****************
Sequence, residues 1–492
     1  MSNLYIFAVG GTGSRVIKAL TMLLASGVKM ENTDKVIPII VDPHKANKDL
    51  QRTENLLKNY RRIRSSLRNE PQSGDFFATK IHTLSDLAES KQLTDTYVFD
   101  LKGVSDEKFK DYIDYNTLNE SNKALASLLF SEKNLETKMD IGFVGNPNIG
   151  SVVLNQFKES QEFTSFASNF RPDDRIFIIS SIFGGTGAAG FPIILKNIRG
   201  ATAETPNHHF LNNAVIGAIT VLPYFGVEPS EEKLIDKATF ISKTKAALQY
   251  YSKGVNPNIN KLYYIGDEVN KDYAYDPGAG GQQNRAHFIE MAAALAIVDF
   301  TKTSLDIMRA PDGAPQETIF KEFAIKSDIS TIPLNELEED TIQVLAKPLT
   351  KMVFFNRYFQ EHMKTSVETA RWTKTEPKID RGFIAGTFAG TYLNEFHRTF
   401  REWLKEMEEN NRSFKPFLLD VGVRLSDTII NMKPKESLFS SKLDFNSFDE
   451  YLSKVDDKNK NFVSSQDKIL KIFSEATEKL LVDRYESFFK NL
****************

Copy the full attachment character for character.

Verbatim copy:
Sequence, residues 1–492
     1  MSNLYIFAVG GTGSRVIKAL TMLLASGVKM ENTDKVIPII VDPHKANKDL
    51  QRTENLLKNY RRIRSSLRNE PQSGDFFATK IHTLSDLAES KQLTDTYVFD
   101  LKGVSDEKFK DYIDYNTLNE SNKALASLLF SEKNLETKMD IGFVGNPNIG
   151  SVVLNQFKES QEFTSFASNF RPDDRIFIIS SIFGGTGAAG FPIILKNIRG
   201  ATAETPNHHF LNNAVIGAIT VLPYFGVEPS EEKLIDKATF ISKTKAALQY
   251  YSKGVNPNIN KLYYIGDEVN KDYAYDPGAG GQQNRAHFIE MAAALAIVDF
   301  TKTSLDIMRA PDGAPQETIF KEFAIKSDIS TIPLNELEED TIQVLAKPLT
   351  KMVFFNRYFQ EHMKTSVETA RWTKTEPKID RGFIAGTFAG TYLNEFHRTF
   401  REWLKEMEEN NRSFKPFLLD VGVRLSDTII NMKPKESLFS SKLDFNSFDE
   451  YLSKVDDKNK NFVSSQDKIL KIFSEATEKL LVDRYESFFK NL